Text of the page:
The “sinner’s prayer” is harmful when it makes us question if “we did it right”. Far to often in my ministry, I have seen believers, both young and old, tormented by the fear that they “did something wrong” when they were saved. Did they says the right thing? Did they walk the aisle? Did they really really really mean what they said? This is extremely harmful, because it puts the emphasis of salvation on a one time, past event, while totally disregarding the biblical understanding of salvation as a present posture of repentance and faith.
The “sinner’s prayer” is helpful in providing a moment in time that we can look to for our salvation. While it certainly is true that Scripture puts a very high emphasis on understanding salvation in terms of a present posture of repentance and faith, we must also acknowledge there is a definite, fixed event in time when a person goes from lost to saved, from dark to light, and from headed for hell to bound for heaven. To put it simply, there must be a point in time when someone first responds to the Gospel. The sinner’s prayer is helpful in giving us a memorable marker for this event in time.
The “sinner’s prayer” is harmful in giving many a false hope of salvation. You and I both know people who claim to be Christians but have absolutely ZERO evidence in their life to back this claim up. They simply rely on a prayer that they prayed as child, or when a FAITH team showed up at their house, or at a revival in a church they have never been to again. Needless to say, this reliance upon the sinner’s prayer as proof of salvation is devastating to these people ever truly understanding the Gospel and their need to be saved.
The “sinner’s prayer” is helpful in affirming the necessity to “call upon the name of the Lord”. One of the most helpful aspects of the sinner’s prayer is that it reminds us that we must all come to the place in our life when we call out to God in repentance and faith asking for the forgiveness of our sin and the transformation of our heart and life. The sinner’s prayer reminds us that we do not simply grow into faith, rather we must actively respond to the message of the Gospel and the drawing of the Holy Spirit.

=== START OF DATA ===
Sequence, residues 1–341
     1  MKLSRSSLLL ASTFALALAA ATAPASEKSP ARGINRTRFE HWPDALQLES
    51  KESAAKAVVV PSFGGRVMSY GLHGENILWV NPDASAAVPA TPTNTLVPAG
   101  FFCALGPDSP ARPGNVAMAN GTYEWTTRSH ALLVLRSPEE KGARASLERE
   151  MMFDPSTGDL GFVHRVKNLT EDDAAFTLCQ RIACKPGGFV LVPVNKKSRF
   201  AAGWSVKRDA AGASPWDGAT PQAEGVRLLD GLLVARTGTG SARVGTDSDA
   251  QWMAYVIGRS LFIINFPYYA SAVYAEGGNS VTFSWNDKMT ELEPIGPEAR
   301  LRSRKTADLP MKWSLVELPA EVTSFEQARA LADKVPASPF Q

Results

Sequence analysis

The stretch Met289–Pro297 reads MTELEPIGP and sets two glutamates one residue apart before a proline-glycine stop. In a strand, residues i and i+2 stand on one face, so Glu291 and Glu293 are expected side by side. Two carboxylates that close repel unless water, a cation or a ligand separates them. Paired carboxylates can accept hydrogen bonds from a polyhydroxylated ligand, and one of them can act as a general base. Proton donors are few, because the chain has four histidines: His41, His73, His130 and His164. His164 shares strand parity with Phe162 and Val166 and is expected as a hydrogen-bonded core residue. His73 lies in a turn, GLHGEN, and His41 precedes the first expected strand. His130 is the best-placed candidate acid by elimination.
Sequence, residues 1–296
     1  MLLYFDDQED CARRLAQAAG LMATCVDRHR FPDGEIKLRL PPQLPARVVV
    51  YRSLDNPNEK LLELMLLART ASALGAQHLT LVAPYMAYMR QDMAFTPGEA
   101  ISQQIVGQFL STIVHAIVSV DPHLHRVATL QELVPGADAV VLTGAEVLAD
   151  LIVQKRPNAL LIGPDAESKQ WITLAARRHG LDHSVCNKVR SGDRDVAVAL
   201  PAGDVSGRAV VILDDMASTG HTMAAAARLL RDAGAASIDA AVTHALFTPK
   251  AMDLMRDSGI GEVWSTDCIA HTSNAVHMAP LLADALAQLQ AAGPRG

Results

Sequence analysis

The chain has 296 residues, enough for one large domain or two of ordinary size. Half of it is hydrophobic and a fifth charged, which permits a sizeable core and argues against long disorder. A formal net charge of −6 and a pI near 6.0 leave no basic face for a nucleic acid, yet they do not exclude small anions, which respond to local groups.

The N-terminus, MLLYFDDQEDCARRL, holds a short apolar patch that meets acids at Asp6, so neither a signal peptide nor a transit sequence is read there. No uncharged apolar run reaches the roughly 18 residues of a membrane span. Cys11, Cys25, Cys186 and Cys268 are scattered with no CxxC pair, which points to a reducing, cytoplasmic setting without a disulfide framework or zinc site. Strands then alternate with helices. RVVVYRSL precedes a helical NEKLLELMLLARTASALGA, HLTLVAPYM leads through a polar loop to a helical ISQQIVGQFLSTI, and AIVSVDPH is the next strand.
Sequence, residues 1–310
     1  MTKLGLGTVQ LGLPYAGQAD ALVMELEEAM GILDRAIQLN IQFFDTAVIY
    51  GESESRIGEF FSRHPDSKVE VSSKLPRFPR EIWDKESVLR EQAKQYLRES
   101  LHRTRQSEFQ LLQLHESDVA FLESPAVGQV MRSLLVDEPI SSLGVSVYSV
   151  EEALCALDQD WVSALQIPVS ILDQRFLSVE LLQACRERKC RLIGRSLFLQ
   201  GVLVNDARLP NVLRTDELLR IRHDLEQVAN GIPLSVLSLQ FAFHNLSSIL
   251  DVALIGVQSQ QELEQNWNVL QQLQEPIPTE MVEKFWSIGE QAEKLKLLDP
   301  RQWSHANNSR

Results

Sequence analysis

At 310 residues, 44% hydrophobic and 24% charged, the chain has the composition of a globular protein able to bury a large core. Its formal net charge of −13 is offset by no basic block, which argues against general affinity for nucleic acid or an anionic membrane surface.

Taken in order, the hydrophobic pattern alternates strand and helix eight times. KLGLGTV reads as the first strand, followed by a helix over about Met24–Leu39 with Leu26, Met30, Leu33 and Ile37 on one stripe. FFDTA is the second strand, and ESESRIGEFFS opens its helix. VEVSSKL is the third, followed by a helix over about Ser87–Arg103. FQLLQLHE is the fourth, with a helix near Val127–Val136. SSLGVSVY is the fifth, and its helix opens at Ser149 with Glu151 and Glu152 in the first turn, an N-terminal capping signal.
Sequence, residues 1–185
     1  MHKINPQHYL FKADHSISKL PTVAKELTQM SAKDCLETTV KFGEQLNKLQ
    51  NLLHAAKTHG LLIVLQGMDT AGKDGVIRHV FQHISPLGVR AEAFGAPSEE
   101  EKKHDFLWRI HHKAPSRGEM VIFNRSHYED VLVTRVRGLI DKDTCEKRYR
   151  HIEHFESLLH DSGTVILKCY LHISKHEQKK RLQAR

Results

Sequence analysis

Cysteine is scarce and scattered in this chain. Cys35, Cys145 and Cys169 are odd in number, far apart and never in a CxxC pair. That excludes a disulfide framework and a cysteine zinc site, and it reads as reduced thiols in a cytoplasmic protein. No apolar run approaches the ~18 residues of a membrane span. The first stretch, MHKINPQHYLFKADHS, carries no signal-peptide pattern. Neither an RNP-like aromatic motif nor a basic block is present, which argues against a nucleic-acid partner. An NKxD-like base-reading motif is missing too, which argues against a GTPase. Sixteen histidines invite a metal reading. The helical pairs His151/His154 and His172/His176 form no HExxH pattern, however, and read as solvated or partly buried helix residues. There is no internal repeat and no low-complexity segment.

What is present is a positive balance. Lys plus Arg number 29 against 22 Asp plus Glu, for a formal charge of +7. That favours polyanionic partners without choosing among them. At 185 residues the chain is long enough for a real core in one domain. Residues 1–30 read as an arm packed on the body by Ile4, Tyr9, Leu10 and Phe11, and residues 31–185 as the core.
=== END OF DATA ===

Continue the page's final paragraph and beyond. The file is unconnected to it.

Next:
The “sinner’s prayer” is harmful in reducing salvation to a one-time decision. Perhaps the most harmful consequence of the sinner’s prayer, even when it is unintended, is the reduction of salvation to a one-time decision that we make and move forward from. As we have discussed earlier, believers must learn to embrace the biblical presentation of salvation as a present posture, not just a past event. The mercies of the Lord are new every morning, and every morning we must respond to them. That is why the truest test of our salvation is not a prayer that we have prayed, but a faith that endures to the end.
Maybe the best way for us to summarize is by saying that the “sinner’s prayer” is both helpful and harmful to believers. When used properly, it is an awesome expression of faith, but we must be keenly aware of its limitations, namely that the prayer is useless unless there is faith in the heart for it to express. Leave your comments and thoughts below and check out the clip of David Platt discussing the proper use of the sinner’s prayer.